Nationally, Americans oppose steps that restrict curriculum concerning diversity and racial history, with one poll finding that 80 percent disagree with banning books for this purpose and 60 percent believe teaching about America’s racial past is important. Once again, even in red states, voters’ preferences do not match such extreme policymaking. In Texas, 50 percent said they either somewhat or strongly opposed “limiting the use of teaching materials that emphasize racism in the history of the U.S. by teachers in Texas public schools.” On transgender issues, things are more muddled. According to Pew, pluralities support prohibiting gender-affirming care for minors (46 percent) and barring teachers from discussing gender and sexual identity in school (41 percent). But on both, we have to consider not just raw public opinion but the spirit of liberal democracy. Healthy, free societies make room for the discussion of inequality and past atrocities. They also approach the concerns of minority groups—and trans youth, standing at only 1.3 percent of Americans aged 13 to 17, are indeed a minority—with care and caution. The aggressive, propaganda-driven actions being taken by some of these school boards run counter to the attitudes and values that make for a flourishing, free society.
What emerges, after all this, is a portrait of American democracy that is much more ailing than it might appear, even compared to the already grim assessments being offered by those fighting the Big Lie. What can we say about the daily life of a person living in a state where the party that secures well over 50 percent of the vote does not control the state assembly and when the ruling party is willing to use its majority to pass extremist laws and attack checks on their power? What of those sending their children to schools in districts where the school board has been overrun with paranoiacs bent on conforming the public education system to the sensitivities of the hardline and the overzealous, and doing so in states that have emboldened them to take action?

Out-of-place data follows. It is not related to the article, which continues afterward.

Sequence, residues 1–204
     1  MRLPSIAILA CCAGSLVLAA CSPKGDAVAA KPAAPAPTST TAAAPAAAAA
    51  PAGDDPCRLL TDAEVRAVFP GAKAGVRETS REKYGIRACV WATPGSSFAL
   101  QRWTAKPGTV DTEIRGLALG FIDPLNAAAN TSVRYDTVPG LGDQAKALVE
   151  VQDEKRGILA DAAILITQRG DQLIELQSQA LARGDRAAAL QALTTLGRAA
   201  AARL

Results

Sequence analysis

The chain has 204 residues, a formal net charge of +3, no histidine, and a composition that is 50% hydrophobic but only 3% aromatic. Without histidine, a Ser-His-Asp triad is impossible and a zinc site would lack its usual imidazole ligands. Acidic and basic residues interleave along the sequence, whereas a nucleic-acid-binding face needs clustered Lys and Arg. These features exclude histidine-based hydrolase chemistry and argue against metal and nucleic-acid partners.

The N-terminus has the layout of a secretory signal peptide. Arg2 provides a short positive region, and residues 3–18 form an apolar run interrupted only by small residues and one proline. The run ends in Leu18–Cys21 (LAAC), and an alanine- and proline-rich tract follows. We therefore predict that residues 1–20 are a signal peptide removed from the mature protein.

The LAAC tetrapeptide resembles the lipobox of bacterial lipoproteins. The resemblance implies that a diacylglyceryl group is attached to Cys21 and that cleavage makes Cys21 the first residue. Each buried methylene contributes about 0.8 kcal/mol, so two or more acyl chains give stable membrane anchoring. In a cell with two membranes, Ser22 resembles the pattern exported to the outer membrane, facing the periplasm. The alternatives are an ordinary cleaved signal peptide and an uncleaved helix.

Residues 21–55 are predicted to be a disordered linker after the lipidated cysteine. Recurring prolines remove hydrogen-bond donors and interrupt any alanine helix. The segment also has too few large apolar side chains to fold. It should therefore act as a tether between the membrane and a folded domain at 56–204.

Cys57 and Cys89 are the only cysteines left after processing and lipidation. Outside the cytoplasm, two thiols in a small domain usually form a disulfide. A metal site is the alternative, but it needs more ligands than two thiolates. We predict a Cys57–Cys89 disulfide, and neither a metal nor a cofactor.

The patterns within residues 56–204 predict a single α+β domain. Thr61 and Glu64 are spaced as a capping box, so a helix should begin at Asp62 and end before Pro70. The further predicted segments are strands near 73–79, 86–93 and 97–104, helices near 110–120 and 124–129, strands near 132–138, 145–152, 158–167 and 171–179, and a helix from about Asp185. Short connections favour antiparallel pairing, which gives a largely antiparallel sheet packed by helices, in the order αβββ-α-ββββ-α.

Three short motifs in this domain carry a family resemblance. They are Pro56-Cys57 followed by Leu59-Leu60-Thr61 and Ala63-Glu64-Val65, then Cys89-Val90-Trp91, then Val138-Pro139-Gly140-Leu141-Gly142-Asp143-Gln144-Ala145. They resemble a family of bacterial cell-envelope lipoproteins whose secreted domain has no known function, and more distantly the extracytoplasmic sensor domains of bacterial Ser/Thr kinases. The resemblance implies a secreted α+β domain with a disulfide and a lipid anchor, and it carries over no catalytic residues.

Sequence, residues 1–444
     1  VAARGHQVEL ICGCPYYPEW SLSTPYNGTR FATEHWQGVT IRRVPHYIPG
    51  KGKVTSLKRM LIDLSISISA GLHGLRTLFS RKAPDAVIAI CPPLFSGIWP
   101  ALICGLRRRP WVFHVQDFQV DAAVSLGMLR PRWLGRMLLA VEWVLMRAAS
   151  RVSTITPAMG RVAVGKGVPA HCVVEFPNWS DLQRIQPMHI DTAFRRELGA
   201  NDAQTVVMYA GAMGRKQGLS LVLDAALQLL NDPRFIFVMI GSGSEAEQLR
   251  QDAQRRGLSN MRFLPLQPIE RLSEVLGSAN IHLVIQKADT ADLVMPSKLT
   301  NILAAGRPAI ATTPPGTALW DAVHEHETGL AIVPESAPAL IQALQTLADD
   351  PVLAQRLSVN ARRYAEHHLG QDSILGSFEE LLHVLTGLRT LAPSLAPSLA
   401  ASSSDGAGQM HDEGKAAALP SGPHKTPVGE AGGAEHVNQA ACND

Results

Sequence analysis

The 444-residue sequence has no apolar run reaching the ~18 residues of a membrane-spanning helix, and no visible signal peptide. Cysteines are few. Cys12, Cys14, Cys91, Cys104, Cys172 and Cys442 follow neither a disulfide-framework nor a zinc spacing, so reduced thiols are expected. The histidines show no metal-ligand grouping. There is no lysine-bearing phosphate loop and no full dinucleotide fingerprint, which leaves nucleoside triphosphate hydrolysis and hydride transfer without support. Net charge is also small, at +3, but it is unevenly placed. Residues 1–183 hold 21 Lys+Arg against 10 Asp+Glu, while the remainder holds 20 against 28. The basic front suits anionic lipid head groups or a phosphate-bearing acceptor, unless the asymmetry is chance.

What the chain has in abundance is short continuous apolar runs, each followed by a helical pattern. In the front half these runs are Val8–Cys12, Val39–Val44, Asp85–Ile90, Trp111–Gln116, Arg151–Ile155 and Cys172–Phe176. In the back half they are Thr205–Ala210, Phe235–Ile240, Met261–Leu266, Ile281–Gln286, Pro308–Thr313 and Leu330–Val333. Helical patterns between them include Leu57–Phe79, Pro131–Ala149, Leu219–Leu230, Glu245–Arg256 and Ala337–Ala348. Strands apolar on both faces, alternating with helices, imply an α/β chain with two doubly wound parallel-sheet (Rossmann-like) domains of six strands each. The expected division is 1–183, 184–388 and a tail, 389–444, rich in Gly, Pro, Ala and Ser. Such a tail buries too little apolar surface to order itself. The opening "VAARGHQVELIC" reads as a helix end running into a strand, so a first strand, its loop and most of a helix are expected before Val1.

They are still citizens of a free country. They are Americans, after all, and that still counts for a lot. Federal judges have time and again intervened to stop some of the most egregious measures put forward in red states, from Texas’s repeated attempts to investigate the parents of trans children for child abuse to Arkansas’s ban on gender-affirming care for minors. State courts have also intervened, including in the North Carolina Supreme Court’s ruling against the Republican gerrymander in that state, which is the fight at the heart of Moore v. Harper. The Supreme Court might yet strip away that protection.